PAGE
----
Similarly for the email, list a business email address that is generic to your department. This way if you are on vacation, or move on to a new opportunity, the company will still have access to any emails sent to that account.


Language / Reading Level

You don’t want to use jargon or big words in your social media posts, as they may confuse your readers. Keep in mind that your readers may have a slower processing speed, cognitive impairments, or lower education level. Remember, you want to reach as wide of an audience as possible!

Tips for writing in a plainer language:

  • Use words that are common and easily understood
  • Avoid run-on sentences (this is generally just good practice anyway)
  • Use clear, short sentences and paragraphs
  • Write in the active voice instead of the passive voice (especially if you are trying to call your readers to action!)

Policy

Does your company have a social media policy?
Do you know what it says?
Does it include accessibility?

If you answered “No” to any of those questions, its time to get to work!

If your company has a legal team or access to a lawyer, enlist their help in developing (or updating) a social media policy that addresses accessibility. This will help to protect both you and your company.

If you need an example, check out the social media policy of the U.S. Government’s General Services Administration:

“Ensure use complies with applicable mandates, such as Section 508 of the Rehabilitation Act of 1973, IT Security Policy, and the Federal Records Act. The GSA Handbook on Social Media provides greater detail on applicable mandates.”


Photo by Alvaro Pinot on Unsplash
Photo by Alvaro Pinot on Unsplash

Post Structure

Personally, I believe that this should be an etiquette issue as far as social media goes, but I don’t want to assume that everyone knows about proper post structure.

The first part of your post should always be your content. Your readers will thank you!

The second part, or the end of your post, should be where you place your hashtags and @mentions.

Granted, there are exceptions to every rule. Evaluate your post carefully before deciding to break the rules. Consider how someone using a screen reader would fair if you place the hashtags or @mentions before the end of your post.


Linking to PDFs

If you need to link to a PDF document on your web site or elsewhere, check to make sure that the document is accessible and tagged correctly. The last thing you want to do is send potential customers to a document that only makes them frustrated with you, your brand, or your company.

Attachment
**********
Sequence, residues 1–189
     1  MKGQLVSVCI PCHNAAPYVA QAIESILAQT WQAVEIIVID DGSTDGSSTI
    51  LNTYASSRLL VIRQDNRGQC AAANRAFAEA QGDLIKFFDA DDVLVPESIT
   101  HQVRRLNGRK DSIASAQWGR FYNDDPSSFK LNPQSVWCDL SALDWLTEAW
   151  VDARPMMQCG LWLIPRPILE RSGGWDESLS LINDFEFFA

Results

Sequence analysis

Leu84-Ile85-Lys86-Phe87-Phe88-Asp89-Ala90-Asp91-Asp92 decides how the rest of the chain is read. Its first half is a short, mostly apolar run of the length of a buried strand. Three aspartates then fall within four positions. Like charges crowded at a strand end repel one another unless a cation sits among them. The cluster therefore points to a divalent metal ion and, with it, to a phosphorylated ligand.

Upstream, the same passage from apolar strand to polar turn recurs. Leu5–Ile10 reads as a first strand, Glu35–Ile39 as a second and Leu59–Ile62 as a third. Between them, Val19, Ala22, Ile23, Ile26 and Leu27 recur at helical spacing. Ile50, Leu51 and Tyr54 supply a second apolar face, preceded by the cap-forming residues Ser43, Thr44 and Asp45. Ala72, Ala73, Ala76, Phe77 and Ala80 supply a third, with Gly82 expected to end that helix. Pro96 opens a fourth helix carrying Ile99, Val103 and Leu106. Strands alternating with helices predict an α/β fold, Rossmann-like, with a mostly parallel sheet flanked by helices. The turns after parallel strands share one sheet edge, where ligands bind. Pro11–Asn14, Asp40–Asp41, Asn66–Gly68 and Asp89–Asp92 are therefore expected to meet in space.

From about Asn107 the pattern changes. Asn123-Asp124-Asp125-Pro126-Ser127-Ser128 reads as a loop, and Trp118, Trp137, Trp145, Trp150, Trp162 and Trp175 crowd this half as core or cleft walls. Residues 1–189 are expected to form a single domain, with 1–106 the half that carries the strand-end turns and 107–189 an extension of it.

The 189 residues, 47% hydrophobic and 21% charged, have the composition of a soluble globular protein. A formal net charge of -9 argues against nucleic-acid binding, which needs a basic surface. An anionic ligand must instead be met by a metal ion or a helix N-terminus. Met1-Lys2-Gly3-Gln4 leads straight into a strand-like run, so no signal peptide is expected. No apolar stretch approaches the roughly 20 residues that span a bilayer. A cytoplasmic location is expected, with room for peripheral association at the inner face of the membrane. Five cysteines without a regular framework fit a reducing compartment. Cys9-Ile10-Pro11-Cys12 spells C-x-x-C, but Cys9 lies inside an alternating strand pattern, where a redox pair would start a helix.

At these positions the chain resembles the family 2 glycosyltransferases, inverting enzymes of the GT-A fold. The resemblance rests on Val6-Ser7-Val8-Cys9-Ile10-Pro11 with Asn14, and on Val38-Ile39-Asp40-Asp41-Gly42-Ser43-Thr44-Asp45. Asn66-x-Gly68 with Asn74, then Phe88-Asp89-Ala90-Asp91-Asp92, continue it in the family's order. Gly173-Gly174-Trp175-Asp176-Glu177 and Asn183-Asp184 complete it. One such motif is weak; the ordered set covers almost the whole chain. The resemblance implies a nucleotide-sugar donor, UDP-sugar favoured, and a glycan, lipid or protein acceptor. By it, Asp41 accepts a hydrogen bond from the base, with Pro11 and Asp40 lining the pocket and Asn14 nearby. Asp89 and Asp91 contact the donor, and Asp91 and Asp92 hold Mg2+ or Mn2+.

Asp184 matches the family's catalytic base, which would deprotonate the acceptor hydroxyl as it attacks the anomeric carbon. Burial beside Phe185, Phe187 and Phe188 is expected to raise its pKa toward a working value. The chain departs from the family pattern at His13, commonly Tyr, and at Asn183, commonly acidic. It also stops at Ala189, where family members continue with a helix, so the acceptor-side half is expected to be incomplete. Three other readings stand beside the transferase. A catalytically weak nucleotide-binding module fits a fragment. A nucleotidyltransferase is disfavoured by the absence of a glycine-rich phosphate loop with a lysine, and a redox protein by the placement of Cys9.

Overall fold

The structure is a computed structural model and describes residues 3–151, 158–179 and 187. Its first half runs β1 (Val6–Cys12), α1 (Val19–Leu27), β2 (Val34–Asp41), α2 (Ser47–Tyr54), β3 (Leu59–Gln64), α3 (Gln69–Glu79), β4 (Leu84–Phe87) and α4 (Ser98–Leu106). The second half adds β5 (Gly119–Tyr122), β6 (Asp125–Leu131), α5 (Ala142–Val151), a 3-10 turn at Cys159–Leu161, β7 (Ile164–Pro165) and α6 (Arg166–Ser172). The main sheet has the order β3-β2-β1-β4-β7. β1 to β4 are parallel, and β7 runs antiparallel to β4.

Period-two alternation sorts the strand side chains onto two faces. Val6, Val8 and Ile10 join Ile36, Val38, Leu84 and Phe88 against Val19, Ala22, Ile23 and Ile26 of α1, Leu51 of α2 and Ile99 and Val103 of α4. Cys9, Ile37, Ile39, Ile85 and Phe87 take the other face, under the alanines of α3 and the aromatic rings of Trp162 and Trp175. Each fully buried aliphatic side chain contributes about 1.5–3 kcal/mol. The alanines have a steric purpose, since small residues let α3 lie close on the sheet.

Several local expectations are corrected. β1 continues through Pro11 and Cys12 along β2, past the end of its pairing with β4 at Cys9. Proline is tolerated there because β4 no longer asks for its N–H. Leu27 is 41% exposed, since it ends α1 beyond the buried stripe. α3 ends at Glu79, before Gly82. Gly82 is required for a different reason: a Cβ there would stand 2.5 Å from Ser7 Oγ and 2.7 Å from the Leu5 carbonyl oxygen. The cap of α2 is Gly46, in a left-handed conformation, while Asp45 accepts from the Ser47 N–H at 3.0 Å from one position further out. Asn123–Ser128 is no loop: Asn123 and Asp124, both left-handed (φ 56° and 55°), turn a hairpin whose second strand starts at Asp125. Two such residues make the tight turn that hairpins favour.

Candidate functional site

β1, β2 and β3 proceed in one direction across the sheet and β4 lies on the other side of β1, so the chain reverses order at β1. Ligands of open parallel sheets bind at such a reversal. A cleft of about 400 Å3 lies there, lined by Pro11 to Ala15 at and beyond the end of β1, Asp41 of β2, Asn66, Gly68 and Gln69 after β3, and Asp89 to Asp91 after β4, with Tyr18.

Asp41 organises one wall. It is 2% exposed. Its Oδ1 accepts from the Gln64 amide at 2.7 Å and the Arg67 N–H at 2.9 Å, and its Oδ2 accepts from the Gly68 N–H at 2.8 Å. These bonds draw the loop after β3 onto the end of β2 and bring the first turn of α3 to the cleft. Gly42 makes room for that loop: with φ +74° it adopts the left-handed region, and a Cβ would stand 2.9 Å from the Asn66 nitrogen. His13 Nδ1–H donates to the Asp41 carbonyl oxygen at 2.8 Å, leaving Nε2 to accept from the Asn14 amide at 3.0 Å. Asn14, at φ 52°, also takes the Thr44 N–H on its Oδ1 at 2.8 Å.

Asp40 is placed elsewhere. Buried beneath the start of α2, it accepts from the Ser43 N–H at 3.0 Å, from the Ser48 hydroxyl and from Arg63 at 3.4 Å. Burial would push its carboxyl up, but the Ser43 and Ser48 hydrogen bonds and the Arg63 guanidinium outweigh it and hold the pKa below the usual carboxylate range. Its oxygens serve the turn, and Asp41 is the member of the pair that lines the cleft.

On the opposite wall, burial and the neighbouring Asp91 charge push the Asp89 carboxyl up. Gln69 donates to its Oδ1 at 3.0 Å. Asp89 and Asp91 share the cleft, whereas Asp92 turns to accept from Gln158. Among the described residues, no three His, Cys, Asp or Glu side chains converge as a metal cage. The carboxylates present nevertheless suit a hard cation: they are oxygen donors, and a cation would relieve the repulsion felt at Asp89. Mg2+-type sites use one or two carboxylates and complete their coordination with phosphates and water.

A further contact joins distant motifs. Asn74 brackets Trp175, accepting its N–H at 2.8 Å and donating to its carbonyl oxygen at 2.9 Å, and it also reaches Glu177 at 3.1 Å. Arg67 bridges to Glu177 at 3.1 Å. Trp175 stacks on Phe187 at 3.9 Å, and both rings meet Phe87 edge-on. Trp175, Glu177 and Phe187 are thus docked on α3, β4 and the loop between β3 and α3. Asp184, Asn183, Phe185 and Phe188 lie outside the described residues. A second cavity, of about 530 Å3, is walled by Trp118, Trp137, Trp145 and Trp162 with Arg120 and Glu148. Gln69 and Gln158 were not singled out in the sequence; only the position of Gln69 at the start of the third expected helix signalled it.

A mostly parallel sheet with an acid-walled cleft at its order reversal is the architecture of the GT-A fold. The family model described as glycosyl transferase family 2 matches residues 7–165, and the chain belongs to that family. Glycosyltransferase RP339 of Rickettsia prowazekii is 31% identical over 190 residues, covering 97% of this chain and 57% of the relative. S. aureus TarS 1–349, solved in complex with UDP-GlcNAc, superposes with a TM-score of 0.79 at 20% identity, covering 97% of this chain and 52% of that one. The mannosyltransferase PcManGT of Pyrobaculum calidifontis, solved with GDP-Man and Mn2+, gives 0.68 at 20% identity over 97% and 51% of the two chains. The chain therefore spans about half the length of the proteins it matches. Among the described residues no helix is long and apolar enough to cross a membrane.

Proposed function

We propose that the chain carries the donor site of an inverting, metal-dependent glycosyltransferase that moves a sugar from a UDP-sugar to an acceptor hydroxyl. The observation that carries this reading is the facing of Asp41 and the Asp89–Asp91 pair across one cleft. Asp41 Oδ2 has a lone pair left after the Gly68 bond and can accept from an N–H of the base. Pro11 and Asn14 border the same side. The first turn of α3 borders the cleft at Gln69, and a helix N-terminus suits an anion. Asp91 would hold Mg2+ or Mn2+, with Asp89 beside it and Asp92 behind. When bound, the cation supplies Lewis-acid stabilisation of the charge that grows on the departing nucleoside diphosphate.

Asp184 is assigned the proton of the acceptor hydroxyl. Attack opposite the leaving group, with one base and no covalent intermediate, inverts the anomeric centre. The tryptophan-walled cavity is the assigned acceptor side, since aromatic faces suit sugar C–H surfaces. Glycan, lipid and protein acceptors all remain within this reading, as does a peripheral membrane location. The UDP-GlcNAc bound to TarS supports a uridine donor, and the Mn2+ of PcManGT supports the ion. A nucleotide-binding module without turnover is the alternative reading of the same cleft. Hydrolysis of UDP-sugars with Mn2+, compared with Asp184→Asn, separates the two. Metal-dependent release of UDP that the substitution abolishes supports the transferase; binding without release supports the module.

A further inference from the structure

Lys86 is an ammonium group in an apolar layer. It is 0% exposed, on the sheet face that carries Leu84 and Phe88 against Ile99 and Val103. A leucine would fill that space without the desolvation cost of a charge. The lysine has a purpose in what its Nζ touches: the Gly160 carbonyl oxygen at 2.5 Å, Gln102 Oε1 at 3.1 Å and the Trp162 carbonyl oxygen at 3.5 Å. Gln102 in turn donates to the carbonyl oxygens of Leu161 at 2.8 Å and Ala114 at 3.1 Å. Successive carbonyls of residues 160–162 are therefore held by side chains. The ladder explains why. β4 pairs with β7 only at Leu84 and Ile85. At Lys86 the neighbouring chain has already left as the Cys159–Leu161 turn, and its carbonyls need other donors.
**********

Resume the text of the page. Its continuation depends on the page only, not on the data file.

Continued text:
If the document isn’t accessible, and you still really need to link to that content, find out if it is available in any other format. Or you can reach out to your IT department and find out if they can make the PDF accessible.


Multimedia in Posts

If you are posting images, videos, or audio content, it’s a good idea to warn your readers at the beginning of the post – especially helpful for screen readers, but also great for scanning quickly through a bunch of posts.

The recommended prefixes to use are:

  • [PIC] for an image
  • [VIDEO] for video content
  • [AUDIO] for audio content

Additionally, provide your readers with a link back to the original source of the content. Hopefully, your web team has included captions and transcripts with the original source of the content.


Camel Case

When you have multiple words in a hashtag … please, please, PLEASE use camel case. This is a huge benefit to all of your readers.

What is camel case, you ask? It is when you capitalize the first letter of each word within your hashtag.

When you don’t use camel case, it becomes difficult for your readers to figure out what words or phrases you are using. Sometimes this can lead to a big embarrassment for both you and your company. So protect yourself and your company – make your hashtags easier to read – and make your readers happier by using camel case!

Photo by Trevor Cole on Unsplash
Photo by Trevor Cole on Unsplash

I do hope that this post was educational and enlightening for you. Remember that we are all life-long learners, so keep learning and enhancing your skill set!


Content partially curated from SiteImprove’s Course: Accessibility for Social Media (Premium) and is not available for sale.